Last updated 1 year ago
Play a game or work on reading skills? If the choice elicits groans, kids will be delighted to find they can do both with these online games and activities:
Need to review the names of the fifty states? Want to see a timeline of events in Narnia? Maybe you just want to play a game of Hangman with topics in history, science, or sports. Fact Monster's fascinating games and other features turn reviewing into entertainment.
Explore this large variety of games that help kids practice basic skills. Lyrical Solarium "provides practice in understanding how word choices affect meaning and impact writing." The Effective Detective shows how details matter in descriptive writing. Most games are designed for younger grades, but they may be good reinforcement for kids with learning challenges.
Discovery Education's English Homework Help
Each of these 24 animated clips gives a short lesson in writing, punctuation, or grammar, organized by general grade levels. You can watch the Pentastic Four and Buzz, a talking computer, use grammar and punctuation rules to solve coded email messages from a mysterious character named Dark Marker.
For older students, there are film clips like "Researching the Salem Witch Project" that illustrate how to find a topic, form a thesis statement, and apply research strategies. Good review for skills.
IXL Learning Inc.
This is a wonderful site for Language Arts activities. Topics are arranged by skills taught at various grade levels (2-10). Practice exercises are interesting, and correct answers are praised. Incorrect answers bring up clear, easy-to-follow explanations of the rules being tested. Worth bookmarking!
This site, designed to help people learning English, includes a few interactive activities that give kids experience in following written directions, understanding poetry, matching text and titles, and using a dictionary. Good practice for challenged readers.
Next time you come by The Literacy and Language Center, tell us about the online games and activities you've found that help you practice your skills.
Last updated 1 year ago
Want to Become a Confident Writer? Be a Conscious Writer. Paying close attention to the meaning and impact of the words we use is the key to powerful writing.
Many of us fall into the habit of using patterns that make our writing less effective then it could be. Here are two ways to make conscious choices on your path to becoming a better wordsmith:
Avoid Repeating Yourself
If you take the time to see what your words actually say, you may notice that some of them duplicate the meaning of others.
If you write, "The house is surrounded on all sides by trees," the words "on all sides" are redundant. The word "surrounded" means "on all sides."
Instead, write: "The house is surrounded by trees." The meaning is clear, and the writing is clean.
"See the following list below." = "See the list below." or "See the following list."
over-exaggerate = exaggerate
You'll find many lists of redundant words and phrases online.
Use Only What You Need
Are you a writer of few words? Or do you use too many words? If you have the habit of adding verbs like make, give, have, do, let, or take to your sentences, your writing could probably use a trim!
Instead of writing, "The policeman gave a signal for him to stop," say:
"The policeman signaled for him to stop."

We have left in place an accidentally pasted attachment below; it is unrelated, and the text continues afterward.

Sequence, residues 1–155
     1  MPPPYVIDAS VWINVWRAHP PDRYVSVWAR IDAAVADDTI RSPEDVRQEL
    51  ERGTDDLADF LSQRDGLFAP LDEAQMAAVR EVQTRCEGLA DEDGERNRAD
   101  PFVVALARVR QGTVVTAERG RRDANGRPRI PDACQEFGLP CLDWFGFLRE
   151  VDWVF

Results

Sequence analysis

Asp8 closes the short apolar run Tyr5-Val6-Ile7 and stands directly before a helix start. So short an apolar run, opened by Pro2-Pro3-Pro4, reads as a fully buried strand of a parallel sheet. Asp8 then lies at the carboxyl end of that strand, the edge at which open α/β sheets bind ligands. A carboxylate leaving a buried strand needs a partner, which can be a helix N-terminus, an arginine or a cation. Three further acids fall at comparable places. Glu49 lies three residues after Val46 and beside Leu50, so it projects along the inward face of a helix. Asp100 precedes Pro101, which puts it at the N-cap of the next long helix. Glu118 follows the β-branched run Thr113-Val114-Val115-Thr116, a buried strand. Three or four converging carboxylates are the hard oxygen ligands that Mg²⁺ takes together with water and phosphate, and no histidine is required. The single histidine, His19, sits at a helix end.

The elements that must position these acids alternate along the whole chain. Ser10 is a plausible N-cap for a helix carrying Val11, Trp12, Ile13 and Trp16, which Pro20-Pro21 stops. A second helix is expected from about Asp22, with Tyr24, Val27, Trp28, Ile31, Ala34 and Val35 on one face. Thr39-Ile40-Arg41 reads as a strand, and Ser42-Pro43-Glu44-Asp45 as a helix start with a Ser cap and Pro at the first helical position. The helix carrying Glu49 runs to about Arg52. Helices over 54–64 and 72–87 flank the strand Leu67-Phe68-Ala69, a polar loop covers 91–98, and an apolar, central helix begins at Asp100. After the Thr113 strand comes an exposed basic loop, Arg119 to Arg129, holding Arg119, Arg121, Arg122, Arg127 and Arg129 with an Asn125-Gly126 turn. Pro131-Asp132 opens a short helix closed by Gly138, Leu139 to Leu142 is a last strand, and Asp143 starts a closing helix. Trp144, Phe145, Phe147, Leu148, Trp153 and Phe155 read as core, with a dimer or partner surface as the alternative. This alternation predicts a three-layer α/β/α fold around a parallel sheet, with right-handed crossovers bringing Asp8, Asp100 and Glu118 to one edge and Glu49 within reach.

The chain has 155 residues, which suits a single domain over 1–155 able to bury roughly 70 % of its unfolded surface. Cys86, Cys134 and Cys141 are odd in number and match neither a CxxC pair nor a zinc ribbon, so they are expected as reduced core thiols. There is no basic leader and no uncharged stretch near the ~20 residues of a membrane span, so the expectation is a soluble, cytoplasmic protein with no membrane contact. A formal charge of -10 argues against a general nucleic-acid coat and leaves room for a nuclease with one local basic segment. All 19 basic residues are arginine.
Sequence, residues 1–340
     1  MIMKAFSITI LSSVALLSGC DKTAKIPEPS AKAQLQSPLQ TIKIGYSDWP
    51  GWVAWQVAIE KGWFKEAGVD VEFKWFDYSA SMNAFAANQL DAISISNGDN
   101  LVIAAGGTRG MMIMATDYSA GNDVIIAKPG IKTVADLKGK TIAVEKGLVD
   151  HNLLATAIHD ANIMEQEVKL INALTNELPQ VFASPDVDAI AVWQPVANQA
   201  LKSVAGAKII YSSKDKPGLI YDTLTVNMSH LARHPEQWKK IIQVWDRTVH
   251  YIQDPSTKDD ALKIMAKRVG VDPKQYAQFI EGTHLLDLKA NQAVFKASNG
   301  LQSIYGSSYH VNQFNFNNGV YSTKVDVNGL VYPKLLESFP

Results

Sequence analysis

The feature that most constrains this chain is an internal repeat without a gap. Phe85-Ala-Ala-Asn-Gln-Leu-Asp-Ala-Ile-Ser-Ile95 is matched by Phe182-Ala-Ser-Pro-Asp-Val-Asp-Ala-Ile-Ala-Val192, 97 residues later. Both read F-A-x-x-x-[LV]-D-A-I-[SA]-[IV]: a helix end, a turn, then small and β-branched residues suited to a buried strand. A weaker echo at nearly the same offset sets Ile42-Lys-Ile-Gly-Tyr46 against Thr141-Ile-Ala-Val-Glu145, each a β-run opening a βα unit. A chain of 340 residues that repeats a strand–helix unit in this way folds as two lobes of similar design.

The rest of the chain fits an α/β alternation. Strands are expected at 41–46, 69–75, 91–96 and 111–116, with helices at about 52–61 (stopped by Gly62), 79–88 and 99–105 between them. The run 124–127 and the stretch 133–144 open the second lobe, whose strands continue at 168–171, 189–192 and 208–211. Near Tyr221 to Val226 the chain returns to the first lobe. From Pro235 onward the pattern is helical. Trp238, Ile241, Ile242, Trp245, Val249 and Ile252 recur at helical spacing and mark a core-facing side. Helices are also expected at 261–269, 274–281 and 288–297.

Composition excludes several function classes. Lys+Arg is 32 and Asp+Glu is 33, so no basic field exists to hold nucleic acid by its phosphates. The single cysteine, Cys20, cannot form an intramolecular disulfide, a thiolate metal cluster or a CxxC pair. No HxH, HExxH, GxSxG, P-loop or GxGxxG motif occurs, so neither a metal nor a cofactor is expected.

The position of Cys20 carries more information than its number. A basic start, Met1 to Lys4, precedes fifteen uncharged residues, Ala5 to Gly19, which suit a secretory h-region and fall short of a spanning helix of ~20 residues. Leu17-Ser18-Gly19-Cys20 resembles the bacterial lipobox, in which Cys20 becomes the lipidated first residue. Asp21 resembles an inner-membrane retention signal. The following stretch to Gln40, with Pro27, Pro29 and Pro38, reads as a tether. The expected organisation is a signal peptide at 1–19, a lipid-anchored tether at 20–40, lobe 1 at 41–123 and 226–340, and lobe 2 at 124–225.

It let out a loud roar. = It roared.
He made an attempt to calm the protesters. = He attempted to calm the protesters.
They took the opportunity to eat at Katrina's Café. = They ate at Katrina's Café.
Keep clutter in mind when you write this summer. Read your words carefully with an eye to spotting repetition and unnecessary verbs. The practice will sharpen your writing and strengthen your skills!
Last updated 1 year ago
There it was, aromatic juices bubbling from the slightly sunken lattice-work crust, golden around the edges, small squares of baked red fruit peeking from underneath its toasted top, and the heavenly smell that I came to know as home. I couldn’t tell you at what age I first ate her pie. Apple pie was a part of the fall every year, and other fruit pies like cherry, blueberry or blackberry each had their season. For some reason, though, my mother’s apple pie was her signature dessert, the jewel on the crown of her cooking.
My mother started training my siblings and I to cook dinner for the five members of the family when I was in middle school, with some mixed results at first. It was an introduction into a new way of thinking because 80% of the time my Mom didn’t use a recipe, a measuring cup or measuring spoons. Learning her improvisatory methods lead me to understand, later in life, how to play jazz.
Around the age of fifteen was when my sister and I had graduated into baking pies. She helped at first, showing us how she created her signature pinched crust that made each pie look like a big smiling sunflower. Shortly after that she’d call one of us in to “finish” her pie by having us crimp the edges for her and put it in the oven. I recall at one time requesting she make a certain pie I was craving, to which she suggested I learn do the whole process myself. She walked me through each step a couple times with feedback. Gradually she backed off and we were on our own.
Little did I know my Mom was utilizing a process for learning that leads to independence, or in this case, ultimately leads to a person who could probably make a pie in her sleep. The GRR Method, or ‘Gradual Release of Responsibility’ Model is a style of teaching in which the responsibility for learning is transferred from the teacher to the student (or baker).
In 1983 Pearson and Gallagher named the “Gradual Release of Responsibility” after the ideas in the 1970’s of the Russian educational theorist Lev Vygotsky. Pearson and Gallagher use a model of 4 general stages to guide learning toward independence and automaticity:
Teach using modeling and an explanation of a strategy
Guided practice where teachers gradually give more and more responsibility to the student for task completion
Independent practice accompanied by specific feedback
Application of the strategy in real life situations
Modeling and Explaining: